Knowing how to utilize a search engine can be extremely helpful in applying informed learning to an online environment. There are shortcuts, operators, features, punctuation, and symbol searches. Also, a site’s address (i.e., Uniform Resource Locator, or URL) contains information that can provide the purpose in selecting a source. You probably recognize .com or .org as two types of URL and there may be others that you recognize but are unsure what would be scholarly or appropriate. American universities, colleges, and secondary schools often use .edu. Not-for-profit or non-profit organizations often use the .org suffix. Businesses, news, and database websites use .com/ .net. Personal sites are individual sites that are not representative of a larger body, but a personal or local business, news, or information website and use .site.
Library research includes all of the resources found in the library or through its website. There are three main areas of library research: Classification and Catalog, Reference Works, and Print Resources. classification and catalog use a variety of categorization to help patrons locate materials in the library. The catalog organizes resources by author, title, Library of Congress Subject Heading, and call number. periodicals are works published at regular intervals such as daily, weekly, monthly, or even annually. These include general interest magazines and professional and academic journals. Periodicals are generally peer reviewed or edited and provide a variety of perspectives. They can provide in-depth information, research, and data statistics and studies. They can contain more up-to-date information than books or e-books. Newspaper Indexes provide a searchable database of news articles, including more current information. reference works are books and other works that contain useful facts and information, such asEncyclopedia’s, Dictionaries, Directories, Atlases, Almanacs, Books of Quotations, and Biographies. print resources are printed text and images or paper publications that are in the form of physical editions of books, journals, magazines, newspapers, etc. Books in print can provide more in-depth, credible, and historical research. Newspapers in print can provide more local information by providing access to smaller, community papers.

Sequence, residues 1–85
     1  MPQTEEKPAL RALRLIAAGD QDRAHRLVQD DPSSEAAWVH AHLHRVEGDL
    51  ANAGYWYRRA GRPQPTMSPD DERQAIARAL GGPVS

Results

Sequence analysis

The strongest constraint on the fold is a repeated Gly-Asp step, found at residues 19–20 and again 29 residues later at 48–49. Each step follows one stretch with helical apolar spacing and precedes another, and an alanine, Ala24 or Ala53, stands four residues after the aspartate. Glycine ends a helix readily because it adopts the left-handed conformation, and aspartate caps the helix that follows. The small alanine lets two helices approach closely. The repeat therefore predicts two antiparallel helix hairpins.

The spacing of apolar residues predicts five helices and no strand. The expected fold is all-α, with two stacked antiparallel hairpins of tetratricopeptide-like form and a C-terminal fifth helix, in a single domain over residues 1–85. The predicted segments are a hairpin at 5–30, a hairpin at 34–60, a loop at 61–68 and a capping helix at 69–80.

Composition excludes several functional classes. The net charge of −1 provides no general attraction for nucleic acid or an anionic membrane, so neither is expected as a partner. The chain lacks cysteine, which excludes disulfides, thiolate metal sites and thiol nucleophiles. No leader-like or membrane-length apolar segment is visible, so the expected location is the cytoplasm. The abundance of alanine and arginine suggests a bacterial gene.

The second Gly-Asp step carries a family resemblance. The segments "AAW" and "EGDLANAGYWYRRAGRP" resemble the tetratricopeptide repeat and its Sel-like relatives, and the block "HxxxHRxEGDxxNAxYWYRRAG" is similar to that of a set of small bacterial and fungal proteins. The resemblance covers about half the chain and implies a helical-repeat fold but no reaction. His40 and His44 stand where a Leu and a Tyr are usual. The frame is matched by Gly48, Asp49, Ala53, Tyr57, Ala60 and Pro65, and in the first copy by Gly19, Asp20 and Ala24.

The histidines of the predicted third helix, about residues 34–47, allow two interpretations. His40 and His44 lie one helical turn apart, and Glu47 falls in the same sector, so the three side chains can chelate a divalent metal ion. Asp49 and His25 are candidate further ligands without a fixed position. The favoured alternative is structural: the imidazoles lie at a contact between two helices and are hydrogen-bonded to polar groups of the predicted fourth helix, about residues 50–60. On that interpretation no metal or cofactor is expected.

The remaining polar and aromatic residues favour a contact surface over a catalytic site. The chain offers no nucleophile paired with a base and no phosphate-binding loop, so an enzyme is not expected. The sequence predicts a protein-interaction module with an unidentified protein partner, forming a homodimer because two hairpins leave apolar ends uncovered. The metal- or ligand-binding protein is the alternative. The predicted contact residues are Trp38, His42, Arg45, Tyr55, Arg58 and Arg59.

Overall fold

The Cunningham Memorial Library, Indiana State University
The Cunningham Memorial Library at Indiana State University has a wealth of resources for conducting your research and also provides a quiet place to work and study. Visit the Cunningham Memorial Library site for a better view of what the library has to offer. Library and cafe hours are easily accessible and you can also find a calendar featuring library events. Many of the events posted here offer student assistance workshops, campus engagement opportunities, or provide events that may meet participation for some class assignments.
Under the “For Students” area near the center of the page, links bring you to information about the library’s instruction resources, the Math & Writing Center, services for distance students, and library tutorials.
Sometimes our library does not have the specific source you are looking for. Inter-library loan lets you obtain materials that the library does not have. Reserves and Scanning Services allows you to access course-related materials that help supplement your instruction. Many of the faculty will reserve copies of textbooks to ensure all students have access to needed reading materials. You can always request that a faculty member put additional materials on reserve in the library if you believe it will help your performance in the class.
Reference/Instruction librarians hold weekly walk-in hours for assistance or you may also contact them directly to set up an appointment outside of their regular office hours.
Identifying Research Types and Use Chart
|Research Type||Reason and Use|
|Personal & Professional Experience||